Appealing Appeals Applied, Attorneys & Lawyers & Counselors, Legally Educated

Civil Rights CLE and Upcoming Moot Court Competition

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Civil Rights CLE

Today I had the pleasure of serving as one of the presenters at a CLE (continuing legal education) at the U of M Law School. It was on the same case we are teaching in our Civil Rights Moot Court class this year: Conestoga Wood Specialties Corp. v. Secretary of U.S. Dept. of Health and Human Services, 724 F.3d 377 (3d Cir. 2013). It had the coolest title of any CLE I ever spoke at before: Corporations: How Human Are They? Do They Have A Right To The Free Exercise of Religion?

It’s an ObamaCare case, with a closely-held, private corporation and its shareholders (all part of a seriously religious family) wanting to be exempted from providing contraceptive-coverage for the company’s employees as required (“mandated”) by the new health care law. The corporation and shareholders claim the government mandating this preventive care coverage be provided violates their rights to freely exercise their religion under the First Amendment’s Free Exercise Clause in the US Constitution. The Religious Freedom Restoration Act (“RFRA”) is argued to require the US Supreme Court to apply a strict scrutiny analysis.

Oral arguments before the Supreme Court are on March 24, 2014 and the actual decision should be out early this summer. (My money is on the RFRA being struck down as unconstitutional–my money is $1.98 is all though).

Moot Court Competition

Before any of that occurs, the Conestoga case will first face the scrutiny of the 29th annual William E. McGee National Civil Rights Moot Court Competition on February 20, 21 & 22, 2014. This year about 34 teams of law students from across the country will argue the case in this inter-scholastic appellate moot court competition sponsored by the University of Minnesota Law School.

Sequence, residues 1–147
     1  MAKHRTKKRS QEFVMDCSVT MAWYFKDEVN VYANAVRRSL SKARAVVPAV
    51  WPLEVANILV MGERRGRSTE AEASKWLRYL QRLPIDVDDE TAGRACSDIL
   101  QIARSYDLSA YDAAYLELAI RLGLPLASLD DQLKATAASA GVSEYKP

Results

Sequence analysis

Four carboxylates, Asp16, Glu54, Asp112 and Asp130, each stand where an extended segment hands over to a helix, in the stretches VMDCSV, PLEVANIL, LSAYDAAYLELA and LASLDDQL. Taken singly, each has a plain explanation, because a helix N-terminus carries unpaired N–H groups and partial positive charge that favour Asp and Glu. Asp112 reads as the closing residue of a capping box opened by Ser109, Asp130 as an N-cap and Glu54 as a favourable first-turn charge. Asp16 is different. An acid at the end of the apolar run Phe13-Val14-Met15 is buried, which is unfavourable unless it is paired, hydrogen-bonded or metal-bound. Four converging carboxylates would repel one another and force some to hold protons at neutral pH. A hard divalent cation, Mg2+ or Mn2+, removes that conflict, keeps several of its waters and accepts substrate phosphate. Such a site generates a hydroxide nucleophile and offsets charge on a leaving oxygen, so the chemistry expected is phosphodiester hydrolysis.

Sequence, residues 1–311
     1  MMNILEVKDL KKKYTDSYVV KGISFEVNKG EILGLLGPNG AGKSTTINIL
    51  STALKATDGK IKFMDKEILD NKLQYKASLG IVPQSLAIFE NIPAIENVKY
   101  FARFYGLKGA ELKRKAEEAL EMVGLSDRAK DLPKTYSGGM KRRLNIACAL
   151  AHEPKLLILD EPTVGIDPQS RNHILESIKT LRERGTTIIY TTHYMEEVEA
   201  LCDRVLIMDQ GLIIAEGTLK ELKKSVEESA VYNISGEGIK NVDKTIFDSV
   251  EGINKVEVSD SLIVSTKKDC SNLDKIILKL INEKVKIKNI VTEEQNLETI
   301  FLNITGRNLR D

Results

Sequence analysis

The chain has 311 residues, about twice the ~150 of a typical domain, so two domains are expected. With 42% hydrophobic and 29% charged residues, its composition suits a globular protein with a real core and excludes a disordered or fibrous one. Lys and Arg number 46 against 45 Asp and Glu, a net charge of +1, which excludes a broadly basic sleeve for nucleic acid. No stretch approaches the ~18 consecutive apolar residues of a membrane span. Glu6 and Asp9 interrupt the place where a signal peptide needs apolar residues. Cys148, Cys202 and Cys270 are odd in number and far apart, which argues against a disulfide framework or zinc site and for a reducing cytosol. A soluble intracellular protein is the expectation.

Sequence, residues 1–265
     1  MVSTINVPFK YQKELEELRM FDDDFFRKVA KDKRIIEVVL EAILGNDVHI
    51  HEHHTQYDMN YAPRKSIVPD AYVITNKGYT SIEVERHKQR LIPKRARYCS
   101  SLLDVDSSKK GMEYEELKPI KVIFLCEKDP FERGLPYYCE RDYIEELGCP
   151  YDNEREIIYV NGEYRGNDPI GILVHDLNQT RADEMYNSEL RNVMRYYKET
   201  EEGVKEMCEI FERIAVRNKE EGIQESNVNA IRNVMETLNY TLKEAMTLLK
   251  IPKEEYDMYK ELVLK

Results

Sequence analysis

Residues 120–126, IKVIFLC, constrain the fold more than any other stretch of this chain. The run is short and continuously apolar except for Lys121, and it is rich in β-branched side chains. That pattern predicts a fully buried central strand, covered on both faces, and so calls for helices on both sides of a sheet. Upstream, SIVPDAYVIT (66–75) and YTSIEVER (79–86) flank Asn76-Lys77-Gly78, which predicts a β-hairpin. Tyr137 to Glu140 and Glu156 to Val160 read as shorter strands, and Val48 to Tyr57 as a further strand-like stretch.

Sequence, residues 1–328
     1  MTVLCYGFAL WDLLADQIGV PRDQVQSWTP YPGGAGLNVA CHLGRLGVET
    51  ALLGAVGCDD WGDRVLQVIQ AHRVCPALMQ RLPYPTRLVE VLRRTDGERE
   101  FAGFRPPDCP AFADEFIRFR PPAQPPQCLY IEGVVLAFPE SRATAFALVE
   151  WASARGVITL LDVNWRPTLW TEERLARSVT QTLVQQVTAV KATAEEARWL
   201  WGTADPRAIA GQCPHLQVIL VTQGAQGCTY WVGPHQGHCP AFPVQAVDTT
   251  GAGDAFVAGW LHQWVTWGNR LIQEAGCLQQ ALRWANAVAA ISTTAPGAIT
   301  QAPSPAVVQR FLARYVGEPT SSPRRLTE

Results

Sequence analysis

The competition’s mission is to promote interest, reflection and discourse among law students, law faculty and members of the practicing bar and bench in the substance, procedure and practice of civil rights law and to provide opportunity to interested law students to develop the oral advocacy and writing skills essential to be successful appellate practitioners.

We still need attorneys to act as volunteer judges so please contact me if you are interested. It’ll be another great competition this year and I’m proud to play a small part in it.

MKT

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Attorneys & Lawyers & Counselors, Fraudulently Fooled

Beware of email attachments purporting to carry case information, courts warn

If I skip my hearing on Tuesday and claim it was because I thought my Notice was a fake court e-mail, will that be a good enough excuse?

“But Your Honor, after Target got hacked and my bank account was drained, I just just couldn’t take any chances.”

MKT
Do I really need to type CLICK BELOW FOR THE REST OF THE STORY?

Beware of email attachments purporting to carry case information, courts warn.

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Attorneys & Lawyers & Counselors, Discovered on Demand

Feds move to block discovery in NSA lawsuit

Alternate headlines:

  • Feds Move To Keep NSA Secrets Secret
  • No Discovery Into What NSA Has Discovered
  • NSA Litigation: Move To Block Gathering Information About Information Gathering     And yours? . . .

Feds move to block discovery in National Security Agency surveillance lawsuit.

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Attorneys & Lawyers & Counselors, Fraudulently Fooled, Litigation of Business | Business of Litigation

U.S. Judge Cuts Attorney Fees in Chinese Companies’ Price-Fixing Case

moneymoney

OK, it’s a price-fixing case and the attorney’s fees were lowered by the Court (a joke’s in there screaming to be let out). I know not many will see an injustice here. I know not many will defend class action lawyer fee awards. But think this one through with me. I’ll lead . . .

  • Money, it’s a Gas

The firms put in a total of $14,000,000.00 worth of their attorneys’ time. They could have done other work and been paid a guaranteed fee with no real risk. But they took this case and put their time on the line. They could have lost and been paid $0.00 per hour. Could have spent a lot of time they would never get back. No guarantee of success. A real chance of loss.